Few on Metro Vancouver transit masking up post-mandate: crowd-sourced data

TransLink riders are reporting that mask-wearing is now the norm on about two in 10 trips, a rate far lower than cities in which mandates remain in effect.

Transit app began collecting crowd-sourced data from users across Canada and the US in mid-April, soon after mandates began being lifted in some jurisdictions. Metro Vancouver dropped the requirement on March 11, when the province ended the mandate for indoor public spaces.

“Because of that sudden change in rules, we wanted to provide some actual data to help people understand if this was having an impact on what people were seeing on the ground,” explains Transit app spokesperson Stephen Miller.

“It’s really just about getting reliable information of what people are seeing when they’re on board.”

Riders who have the app are asked once per trip if “most,” “some,” or “few” people are wearing masks. The app has a dashboard showing the per cent of trips where people answered “most.”

Since the survey launched in mid-April, results for TransLink have ranged from a high of 24 per cent to a low of 16 per cent.

At the same time, the rate of mask-wearing has varied but generally remained much higher in cities where the requirement has remained in effect like Montreal, Toronto, Calgary and Edmonton.

Montreal has the highest rate of trips where most users are masked, hovering around the 90 per cent mark since the surveys began. In Quebec, unlike other Canadian provinces, masks remain mandatory in all indoor public spaces.

“It’s unlike other places where there may not be an indoor mask requirement outside of public transit,” Miller explains.

In other Canadian cities, the mandate is not universal but remains in effect for transit.

In Toronto, the rate of trips on which most people are masked has ranged from a low of 63 per cent to a high of 74 per cent. In Edmonton, it’s been between 57 and 75 per cent. In Calgary, it’s been between 37 and 50 per cent.

Miller says collecting and providing this information is something that is in line with the app’s goal of giving riders the chance to provide feedback about their overall experience so that other riders can make more informed decisions. He says the data for Vancouver is based on feedback from about 1,000 riders a day.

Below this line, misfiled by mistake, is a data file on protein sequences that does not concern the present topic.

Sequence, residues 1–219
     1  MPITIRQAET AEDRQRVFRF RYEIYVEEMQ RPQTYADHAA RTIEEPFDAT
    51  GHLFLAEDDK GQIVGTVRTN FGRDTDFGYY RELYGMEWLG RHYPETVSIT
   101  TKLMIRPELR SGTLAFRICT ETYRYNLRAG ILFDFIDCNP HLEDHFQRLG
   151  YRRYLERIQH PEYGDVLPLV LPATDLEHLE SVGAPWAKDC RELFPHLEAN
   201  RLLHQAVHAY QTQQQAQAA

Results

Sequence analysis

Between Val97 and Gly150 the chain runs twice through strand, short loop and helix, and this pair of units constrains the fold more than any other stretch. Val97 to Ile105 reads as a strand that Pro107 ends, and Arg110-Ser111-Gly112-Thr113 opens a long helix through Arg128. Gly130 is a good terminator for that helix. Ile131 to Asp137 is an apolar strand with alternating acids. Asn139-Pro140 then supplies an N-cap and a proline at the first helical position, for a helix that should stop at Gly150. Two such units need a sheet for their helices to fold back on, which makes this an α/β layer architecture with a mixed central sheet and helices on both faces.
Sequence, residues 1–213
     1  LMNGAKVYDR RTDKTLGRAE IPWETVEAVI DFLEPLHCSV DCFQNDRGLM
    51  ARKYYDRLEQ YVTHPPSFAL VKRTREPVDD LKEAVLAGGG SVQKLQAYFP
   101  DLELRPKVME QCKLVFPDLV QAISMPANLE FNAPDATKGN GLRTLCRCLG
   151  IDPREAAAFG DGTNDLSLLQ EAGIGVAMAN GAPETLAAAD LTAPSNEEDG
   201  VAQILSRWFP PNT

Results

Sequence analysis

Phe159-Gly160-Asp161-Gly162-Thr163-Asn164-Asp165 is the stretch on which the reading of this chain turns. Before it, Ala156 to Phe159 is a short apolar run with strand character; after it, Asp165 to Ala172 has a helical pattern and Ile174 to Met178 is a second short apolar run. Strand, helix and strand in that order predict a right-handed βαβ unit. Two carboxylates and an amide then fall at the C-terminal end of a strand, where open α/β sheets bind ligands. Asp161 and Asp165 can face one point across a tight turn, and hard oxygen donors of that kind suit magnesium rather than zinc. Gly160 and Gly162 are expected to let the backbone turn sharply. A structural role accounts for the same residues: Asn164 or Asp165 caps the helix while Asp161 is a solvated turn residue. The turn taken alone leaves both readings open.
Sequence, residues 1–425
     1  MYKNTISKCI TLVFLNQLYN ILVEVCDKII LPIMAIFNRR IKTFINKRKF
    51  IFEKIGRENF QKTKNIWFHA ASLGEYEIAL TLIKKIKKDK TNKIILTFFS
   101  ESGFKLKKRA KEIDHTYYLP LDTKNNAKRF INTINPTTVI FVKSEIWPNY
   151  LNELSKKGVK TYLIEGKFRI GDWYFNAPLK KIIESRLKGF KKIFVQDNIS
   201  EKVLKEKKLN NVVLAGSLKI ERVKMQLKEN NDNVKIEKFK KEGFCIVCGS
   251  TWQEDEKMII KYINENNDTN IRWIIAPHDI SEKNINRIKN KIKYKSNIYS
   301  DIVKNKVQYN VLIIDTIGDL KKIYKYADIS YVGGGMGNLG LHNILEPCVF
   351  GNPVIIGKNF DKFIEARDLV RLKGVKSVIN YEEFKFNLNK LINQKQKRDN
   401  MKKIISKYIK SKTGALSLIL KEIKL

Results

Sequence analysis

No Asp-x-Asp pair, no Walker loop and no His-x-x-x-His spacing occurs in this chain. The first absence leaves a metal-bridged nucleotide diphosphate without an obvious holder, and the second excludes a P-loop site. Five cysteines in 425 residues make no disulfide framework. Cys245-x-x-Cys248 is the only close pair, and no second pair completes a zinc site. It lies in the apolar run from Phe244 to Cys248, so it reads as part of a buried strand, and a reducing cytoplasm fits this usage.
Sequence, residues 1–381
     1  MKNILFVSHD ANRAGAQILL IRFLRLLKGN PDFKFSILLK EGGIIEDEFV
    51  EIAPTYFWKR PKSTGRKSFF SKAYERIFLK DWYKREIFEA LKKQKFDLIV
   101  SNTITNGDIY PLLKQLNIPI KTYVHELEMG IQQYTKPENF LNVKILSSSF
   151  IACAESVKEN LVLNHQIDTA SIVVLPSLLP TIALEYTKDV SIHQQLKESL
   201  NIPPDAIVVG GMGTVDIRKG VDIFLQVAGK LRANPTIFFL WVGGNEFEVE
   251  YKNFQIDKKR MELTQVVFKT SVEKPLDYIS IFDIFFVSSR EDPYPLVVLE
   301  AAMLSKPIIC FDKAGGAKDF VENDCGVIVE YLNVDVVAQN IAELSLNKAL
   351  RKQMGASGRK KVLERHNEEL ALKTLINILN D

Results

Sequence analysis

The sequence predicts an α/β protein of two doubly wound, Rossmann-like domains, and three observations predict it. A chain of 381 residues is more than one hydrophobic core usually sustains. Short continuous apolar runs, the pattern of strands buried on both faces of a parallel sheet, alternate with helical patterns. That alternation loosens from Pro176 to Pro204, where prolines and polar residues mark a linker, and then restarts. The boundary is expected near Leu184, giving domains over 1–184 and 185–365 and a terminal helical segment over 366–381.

“We think it’s a pretty broad sample of the folks who are riding public transit,” he says.

“We think it’s a fairly good indication of what people are experiencing out there.”

At the last meeting of TransLink’s board, which was on March 24, several people signed up to speak in favor of reinstating a mandate.

Daryl Dela Cruz was one of them. The data from the app, he says, just shows how much of a difference a mandate can make.

Earlier this year, as other provinces eased restrictions, he started a petition asking for the mask mandate to remain in effect on transit.

“I’m on the system every day. I have a vested interest in being safe,” he tells CTV News, saying that is why he has taken up this issue.

“I’m trying to use the system and I just, I would certainly like to see all measures taken so that everybody can get around safely.”

But beyond personal interest, Dela Cruz says it’s an equity issue because transit is used by so many people who don’t have the option to work from home and don’t have the option of driving.

While transit mandates in Ontario and Alberta have come from the provincial government, Dela Cruz says he thinks the transit authority could act independently. In 2020, TransLink made masks mandatory in August, while a BC-wide order didn’t come into effect until November.

“It disappoints me that even though they had the opportunity to introduce their own mask mandate, they haven’t done that. They’ve instead stuck to a recommendation, which is clearly not working,” he says.

TransLink’s current mask guidance says “customers are welcome to wear a mask or face covering based on individual level of comfort.”

Masks remain mandatory on HandyDart.

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